courtesy of Nasratullah Elham
- This weekend the United Nations (UN) is hosting its first-ever Youth Climate Summit ahead of the general climate summit next week.
- More than 500 young people from around the world are expected to be there, including 16-year-old climate activist Greta Thunberg.
- 17-year-old high school senior Nasratullah Elham, a climate activist from Afghanistan, won't be joining her. His temporary stay visa was rejected earlier this month, and it may not be the only one.
- Elham told Insider "They consider me to be a world problem, rather than someone who is trying to solve a world problem."
- Visit Insider's homepage for more stories.
Nasratullah Elham thought that today was going to be the day he arrived in New York to attend the first-ever UN Youth Climate Summit.
Instead, the 17-year-old from Afghanistan is staying put in Thailand, where he's a senior in high school, after his visa application to spend 5 days in the US was rejected earlier this month.
"I didn't really expect it," Elham told Insider. "They just put me into a category of a world problem. They consider me to be a world problem, rather than to be someone who's trying to solve another world problem."
This may not be the only visa rejection for the event. A communications staffer associated with the UN climate event told Insider that at least one other attendee from Rwanda didn't get their visa request approved in time to attend this weekend's event.
Elham wanted to meet other teens like him and learn their ideas for solving the climate crisis
Elham, who's currently on scholarship at an international school in Thailand, says he's been part of a "small group of activists" working on climate issues in eastern Afghanistan for a couple years now. They've set up climate workshops for high school and university students, and worked with environmental, religious, and political leaders on new ideas for protecting the environment and endangered species.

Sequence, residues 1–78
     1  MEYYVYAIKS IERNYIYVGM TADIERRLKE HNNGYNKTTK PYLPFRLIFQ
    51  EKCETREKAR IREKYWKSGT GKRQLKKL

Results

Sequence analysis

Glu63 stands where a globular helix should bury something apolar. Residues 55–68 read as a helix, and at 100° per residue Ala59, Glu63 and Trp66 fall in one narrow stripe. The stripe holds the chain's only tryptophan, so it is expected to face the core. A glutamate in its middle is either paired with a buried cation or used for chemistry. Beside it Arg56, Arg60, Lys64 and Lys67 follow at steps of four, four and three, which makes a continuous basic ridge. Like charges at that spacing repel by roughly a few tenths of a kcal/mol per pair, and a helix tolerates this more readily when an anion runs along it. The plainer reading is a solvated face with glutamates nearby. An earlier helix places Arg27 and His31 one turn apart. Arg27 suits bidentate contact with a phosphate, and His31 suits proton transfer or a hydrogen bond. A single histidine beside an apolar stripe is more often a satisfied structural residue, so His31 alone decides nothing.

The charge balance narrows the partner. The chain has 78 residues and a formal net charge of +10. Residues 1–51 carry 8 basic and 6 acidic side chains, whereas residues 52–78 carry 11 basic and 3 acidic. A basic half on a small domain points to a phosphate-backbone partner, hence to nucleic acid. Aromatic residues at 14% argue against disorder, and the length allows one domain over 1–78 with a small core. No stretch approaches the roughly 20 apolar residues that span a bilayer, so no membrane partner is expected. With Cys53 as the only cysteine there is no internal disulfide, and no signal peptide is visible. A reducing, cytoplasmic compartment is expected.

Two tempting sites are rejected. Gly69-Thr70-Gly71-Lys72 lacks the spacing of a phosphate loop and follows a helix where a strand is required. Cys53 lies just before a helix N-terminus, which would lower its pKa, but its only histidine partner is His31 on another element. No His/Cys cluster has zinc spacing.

In August, he was selected by the United Nations to attend their Youth Climate Summit. Elham said he was excited to meet up and collaborate with other young people interested in combating the climate crisis.
But he also knew the clock was ticking to get his visa approved. He said his letter from the UN arrived on August 28 in Thailand, less than a month away from the September 21 summit. He visited the US Embassy in Bangkok on September 9, escorted by a teacher from his international school who is a US citizen.
Elham said that he knew the timing was tight.
"For an Afghan passport it's pretty late," he said. "I thought maybe the UN can do this kind of stuff, and they have the power to get me in there."
His visa still was rejected under a section of US immigration law that states every foreigner "shall be presumed to be an immigrant," until they prove otherwise. In other words, Elham's request to travel to the US was likely rejected because he was considered a flight risk. (Elham said the UN did try to intervene after the rejection, but to no avail.)
Elham has to complete high school this year back in Thailand in order to be eligible for his school's college scholarships.
"I must come back and finish," he said. "Who is gonna leave a scholarship to choose to live in the US illegally?"
Courtesy of Nasratullah Elham
His plan had been to stay in the country for 5 days, traveling directly back to school after the Climate Action Summit was over.
"I wanted to participate entirely in the summit, but also not to miss a lot of class here," he said. "You understand that right? You've been a high school student."
A US State Department official told Insider that "we are unable to comment on specific cases," as they are considered confidential under US law.
Visa rejections are common for people traveling on Afghan passports
US visa rejections are routine for people from Afghanistan.
In 2016, the US State Department reported that the visa refusal rate for B-visas (a non-immigrant type of temporary stay visa) from Afghanistan was the second highest of any country in the world, at 73.8%. Another group of six teenage girls who were traveling to the US from Afghanistan for a robotics competition were denied similar visas to Elham's in 2017 — a decision that President Trump eventually reversed himself.
Though he knows monitoring the news out of the UN summit remotely won't be the same as being there, Elham's not completely disheartened about the visa rejection.
"We have the technology today where it's not going to keep me isolated," he said.
One of the issues he feels most passionately about is carbon taxes, which can require polluters (like corporations) to pay for their impact on the planet. Elham, who interviewed Afghanis whose livelihoods and homes were completely washed away by flooding in Afghanistan earlier this year, said it's stories like theirs that inspire him to stay engaged in the climate fight.
"The impact goes back to these poor people, who haven't contributed anything to this big problem," he said. "And then they are the first people getting affected, really badly."
Correction: An earlier version of this story said that Elham was a "Green Ticket" winner and would have his travel paid for by the UN. This year's Green Ticket winners are all at least 18 years old, and Elham was not one of them.